Most people couldn't make do without easy access to an electrical outlet. Whether it’s to charge a phone, or to plug in a blow dryer, we count on electricity to make things go. When there's a curious toddler around, you'll want to do your best to simultaneously cover them up while also allowing you access.
At about 25 cents apiece, the KidCo 36 ct Outlet Caps were the best ones we tested. Not only did they plug in easily, but they're easy for adults to remove thanks to a raised nub in the center of the cap. The cheaper models we looked at relied on a peeling motion to remove, which led to a lot of them breaking into pieces or cracking.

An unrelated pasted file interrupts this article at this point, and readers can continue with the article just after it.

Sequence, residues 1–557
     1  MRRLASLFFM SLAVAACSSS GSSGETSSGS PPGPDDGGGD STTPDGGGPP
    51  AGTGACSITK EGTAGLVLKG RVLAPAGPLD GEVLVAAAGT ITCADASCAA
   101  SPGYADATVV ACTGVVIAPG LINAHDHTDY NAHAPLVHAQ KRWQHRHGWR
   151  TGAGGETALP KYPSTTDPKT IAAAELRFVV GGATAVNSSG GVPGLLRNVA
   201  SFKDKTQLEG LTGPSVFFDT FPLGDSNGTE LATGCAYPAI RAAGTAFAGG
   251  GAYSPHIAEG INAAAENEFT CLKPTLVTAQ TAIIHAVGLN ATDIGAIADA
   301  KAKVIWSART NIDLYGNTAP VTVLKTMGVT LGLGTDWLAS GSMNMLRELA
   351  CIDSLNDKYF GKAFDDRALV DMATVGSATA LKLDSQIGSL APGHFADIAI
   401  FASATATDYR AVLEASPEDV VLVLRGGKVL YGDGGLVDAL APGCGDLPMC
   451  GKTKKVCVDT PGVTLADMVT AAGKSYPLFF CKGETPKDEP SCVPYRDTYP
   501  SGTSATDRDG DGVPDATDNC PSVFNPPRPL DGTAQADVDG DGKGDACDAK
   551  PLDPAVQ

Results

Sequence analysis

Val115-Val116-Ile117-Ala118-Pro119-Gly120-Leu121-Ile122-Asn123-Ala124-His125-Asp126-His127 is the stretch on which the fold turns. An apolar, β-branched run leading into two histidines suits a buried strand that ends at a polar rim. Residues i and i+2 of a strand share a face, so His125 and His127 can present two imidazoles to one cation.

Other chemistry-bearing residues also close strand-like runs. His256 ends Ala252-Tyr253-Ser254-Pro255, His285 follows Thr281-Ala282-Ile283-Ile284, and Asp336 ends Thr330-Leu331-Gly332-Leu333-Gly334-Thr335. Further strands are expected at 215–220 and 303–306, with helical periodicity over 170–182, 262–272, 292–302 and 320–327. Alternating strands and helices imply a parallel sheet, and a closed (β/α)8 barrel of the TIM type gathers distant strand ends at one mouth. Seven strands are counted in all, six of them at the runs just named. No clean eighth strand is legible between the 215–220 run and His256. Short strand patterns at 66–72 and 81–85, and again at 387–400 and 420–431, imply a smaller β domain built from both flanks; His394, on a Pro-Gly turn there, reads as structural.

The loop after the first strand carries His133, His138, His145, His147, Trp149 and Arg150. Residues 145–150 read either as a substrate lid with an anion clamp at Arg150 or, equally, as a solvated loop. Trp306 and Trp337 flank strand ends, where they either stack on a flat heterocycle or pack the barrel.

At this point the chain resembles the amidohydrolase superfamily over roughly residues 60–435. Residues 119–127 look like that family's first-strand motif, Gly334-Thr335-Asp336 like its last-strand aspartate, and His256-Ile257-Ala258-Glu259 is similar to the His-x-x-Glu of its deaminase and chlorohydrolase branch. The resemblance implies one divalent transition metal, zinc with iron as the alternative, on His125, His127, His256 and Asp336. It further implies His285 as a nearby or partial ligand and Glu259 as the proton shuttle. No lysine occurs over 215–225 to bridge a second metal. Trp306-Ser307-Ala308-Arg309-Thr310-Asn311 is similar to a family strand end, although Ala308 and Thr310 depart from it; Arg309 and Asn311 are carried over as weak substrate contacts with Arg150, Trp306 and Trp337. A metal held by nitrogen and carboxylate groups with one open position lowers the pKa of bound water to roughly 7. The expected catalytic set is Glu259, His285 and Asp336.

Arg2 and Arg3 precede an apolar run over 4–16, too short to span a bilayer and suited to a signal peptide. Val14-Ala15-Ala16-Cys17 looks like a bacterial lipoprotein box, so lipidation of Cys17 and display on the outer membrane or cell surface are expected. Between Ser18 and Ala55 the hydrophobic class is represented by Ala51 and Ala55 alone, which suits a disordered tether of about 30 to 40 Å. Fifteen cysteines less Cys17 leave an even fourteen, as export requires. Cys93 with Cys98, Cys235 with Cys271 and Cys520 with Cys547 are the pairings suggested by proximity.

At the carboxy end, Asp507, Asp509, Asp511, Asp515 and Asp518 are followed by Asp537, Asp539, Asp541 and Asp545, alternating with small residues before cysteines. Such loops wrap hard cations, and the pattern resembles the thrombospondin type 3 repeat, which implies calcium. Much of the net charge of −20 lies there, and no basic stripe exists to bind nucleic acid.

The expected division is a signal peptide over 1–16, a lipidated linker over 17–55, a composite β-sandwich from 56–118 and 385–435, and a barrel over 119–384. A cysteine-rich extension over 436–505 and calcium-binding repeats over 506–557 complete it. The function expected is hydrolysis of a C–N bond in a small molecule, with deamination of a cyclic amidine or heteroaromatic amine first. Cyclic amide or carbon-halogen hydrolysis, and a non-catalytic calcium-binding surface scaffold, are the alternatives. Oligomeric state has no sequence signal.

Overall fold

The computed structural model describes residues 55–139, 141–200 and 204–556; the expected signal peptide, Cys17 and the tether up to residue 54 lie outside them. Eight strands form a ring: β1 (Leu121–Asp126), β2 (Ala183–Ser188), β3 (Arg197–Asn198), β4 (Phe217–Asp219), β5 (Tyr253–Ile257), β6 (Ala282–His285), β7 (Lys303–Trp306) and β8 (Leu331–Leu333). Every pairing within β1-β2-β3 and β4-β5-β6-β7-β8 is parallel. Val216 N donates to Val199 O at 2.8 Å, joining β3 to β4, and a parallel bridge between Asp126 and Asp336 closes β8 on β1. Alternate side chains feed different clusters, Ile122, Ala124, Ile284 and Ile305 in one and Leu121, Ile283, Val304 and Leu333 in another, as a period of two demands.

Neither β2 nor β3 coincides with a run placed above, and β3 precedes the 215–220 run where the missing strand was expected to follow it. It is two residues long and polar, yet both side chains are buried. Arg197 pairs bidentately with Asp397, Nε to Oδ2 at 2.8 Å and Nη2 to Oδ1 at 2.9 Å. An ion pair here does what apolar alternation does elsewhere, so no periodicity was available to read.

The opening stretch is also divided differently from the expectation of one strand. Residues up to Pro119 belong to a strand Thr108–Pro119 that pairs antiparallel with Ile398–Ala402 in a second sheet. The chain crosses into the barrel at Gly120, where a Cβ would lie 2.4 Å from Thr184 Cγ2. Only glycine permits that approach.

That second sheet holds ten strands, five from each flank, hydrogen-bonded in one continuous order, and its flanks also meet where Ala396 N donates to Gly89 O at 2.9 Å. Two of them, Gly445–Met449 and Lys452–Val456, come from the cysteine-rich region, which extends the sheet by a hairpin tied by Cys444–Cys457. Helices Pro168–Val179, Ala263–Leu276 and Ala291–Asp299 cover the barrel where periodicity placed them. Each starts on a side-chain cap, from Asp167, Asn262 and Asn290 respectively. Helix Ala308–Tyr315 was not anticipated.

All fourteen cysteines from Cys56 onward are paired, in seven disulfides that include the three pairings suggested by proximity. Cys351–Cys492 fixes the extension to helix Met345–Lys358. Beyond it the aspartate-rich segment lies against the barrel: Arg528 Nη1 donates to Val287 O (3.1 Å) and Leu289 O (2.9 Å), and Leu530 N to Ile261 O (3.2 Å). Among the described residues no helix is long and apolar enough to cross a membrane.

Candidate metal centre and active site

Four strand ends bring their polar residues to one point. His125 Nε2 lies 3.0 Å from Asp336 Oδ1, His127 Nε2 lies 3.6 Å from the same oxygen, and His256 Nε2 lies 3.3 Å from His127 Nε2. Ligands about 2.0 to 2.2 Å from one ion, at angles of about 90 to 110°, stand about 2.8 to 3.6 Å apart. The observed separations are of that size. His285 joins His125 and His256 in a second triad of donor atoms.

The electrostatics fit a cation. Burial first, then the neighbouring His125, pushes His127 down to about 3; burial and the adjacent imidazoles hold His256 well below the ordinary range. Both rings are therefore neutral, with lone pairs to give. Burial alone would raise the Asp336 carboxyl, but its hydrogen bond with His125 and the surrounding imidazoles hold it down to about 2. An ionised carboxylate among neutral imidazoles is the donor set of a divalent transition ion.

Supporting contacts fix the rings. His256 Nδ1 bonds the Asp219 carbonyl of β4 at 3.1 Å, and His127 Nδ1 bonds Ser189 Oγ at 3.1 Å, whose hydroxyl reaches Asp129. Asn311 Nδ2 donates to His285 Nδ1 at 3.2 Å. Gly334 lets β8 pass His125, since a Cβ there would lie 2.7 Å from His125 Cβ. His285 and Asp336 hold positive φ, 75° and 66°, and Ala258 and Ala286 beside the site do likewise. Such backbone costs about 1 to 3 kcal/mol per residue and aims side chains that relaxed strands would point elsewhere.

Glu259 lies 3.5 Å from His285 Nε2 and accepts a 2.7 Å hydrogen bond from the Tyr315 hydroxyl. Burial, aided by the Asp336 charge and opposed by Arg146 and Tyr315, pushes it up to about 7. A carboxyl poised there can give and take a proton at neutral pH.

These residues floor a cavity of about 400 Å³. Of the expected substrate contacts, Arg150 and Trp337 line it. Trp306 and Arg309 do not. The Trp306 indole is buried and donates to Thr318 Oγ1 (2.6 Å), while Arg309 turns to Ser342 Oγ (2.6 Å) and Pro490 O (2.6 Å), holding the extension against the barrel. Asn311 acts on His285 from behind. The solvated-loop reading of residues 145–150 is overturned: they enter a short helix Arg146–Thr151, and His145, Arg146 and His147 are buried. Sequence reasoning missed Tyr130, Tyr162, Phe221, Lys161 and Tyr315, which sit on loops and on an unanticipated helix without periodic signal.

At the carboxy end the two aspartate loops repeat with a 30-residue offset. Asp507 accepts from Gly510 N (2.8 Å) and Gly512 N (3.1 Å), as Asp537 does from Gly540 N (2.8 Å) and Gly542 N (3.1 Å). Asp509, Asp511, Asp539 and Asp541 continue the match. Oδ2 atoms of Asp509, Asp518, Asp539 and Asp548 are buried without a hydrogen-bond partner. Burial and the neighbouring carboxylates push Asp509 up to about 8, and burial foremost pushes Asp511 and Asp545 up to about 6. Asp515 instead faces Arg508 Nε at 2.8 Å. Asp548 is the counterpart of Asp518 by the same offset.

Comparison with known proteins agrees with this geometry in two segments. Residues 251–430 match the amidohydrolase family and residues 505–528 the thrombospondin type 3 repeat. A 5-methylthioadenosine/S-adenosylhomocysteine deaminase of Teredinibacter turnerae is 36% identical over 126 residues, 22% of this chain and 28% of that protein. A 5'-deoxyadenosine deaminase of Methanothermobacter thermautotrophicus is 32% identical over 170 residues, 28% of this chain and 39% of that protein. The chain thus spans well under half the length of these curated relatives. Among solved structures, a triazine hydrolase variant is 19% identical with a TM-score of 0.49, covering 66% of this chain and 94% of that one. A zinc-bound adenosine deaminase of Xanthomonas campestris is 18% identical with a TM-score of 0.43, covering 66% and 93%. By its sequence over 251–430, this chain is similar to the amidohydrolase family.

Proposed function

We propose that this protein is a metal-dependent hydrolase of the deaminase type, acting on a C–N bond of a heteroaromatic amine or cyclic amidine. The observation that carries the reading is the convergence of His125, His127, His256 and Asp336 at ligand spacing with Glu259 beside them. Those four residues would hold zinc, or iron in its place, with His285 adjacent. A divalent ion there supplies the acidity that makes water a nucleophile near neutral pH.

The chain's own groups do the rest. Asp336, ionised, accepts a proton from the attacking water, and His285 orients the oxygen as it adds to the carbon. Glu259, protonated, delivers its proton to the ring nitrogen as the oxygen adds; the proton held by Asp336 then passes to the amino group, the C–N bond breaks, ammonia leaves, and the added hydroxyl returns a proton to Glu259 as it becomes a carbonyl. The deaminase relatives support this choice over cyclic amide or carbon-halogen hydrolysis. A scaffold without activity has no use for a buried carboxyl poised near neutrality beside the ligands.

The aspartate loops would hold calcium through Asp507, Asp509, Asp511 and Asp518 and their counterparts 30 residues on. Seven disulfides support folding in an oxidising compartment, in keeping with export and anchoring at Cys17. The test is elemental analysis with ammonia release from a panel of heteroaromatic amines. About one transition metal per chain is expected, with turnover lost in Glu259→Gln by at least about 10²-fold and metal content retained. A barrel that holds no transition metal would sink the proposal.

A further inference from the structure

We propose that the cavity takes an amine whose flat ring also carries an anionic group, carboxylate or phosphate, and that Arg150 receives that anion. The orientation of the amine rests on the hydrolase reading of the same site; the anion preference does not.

One of the issues with plug covers? When you need to use the plug you need to put the cover somewhere, and little clear pieces of plastic have a way of getting lost. One easy solution for this is an outlet cover plate with built-in plug covers. This is a slightly more expensive solution, but it'll work well if you're going to be using a particular outlet often. We like the Ziz Home Self-Closing Outlet Covers, which will set you back a whopping $2.50 per outlet.
To change out your existing outlets, just unscrew the old ones, put the new one in its place, and then replace with screws—no electrical wiring required. When you need to plug something in, you'll use the prongs at the end of your device's cord and gently push the cover open with them. When you remove the device, the plastic will retract to shield the plug.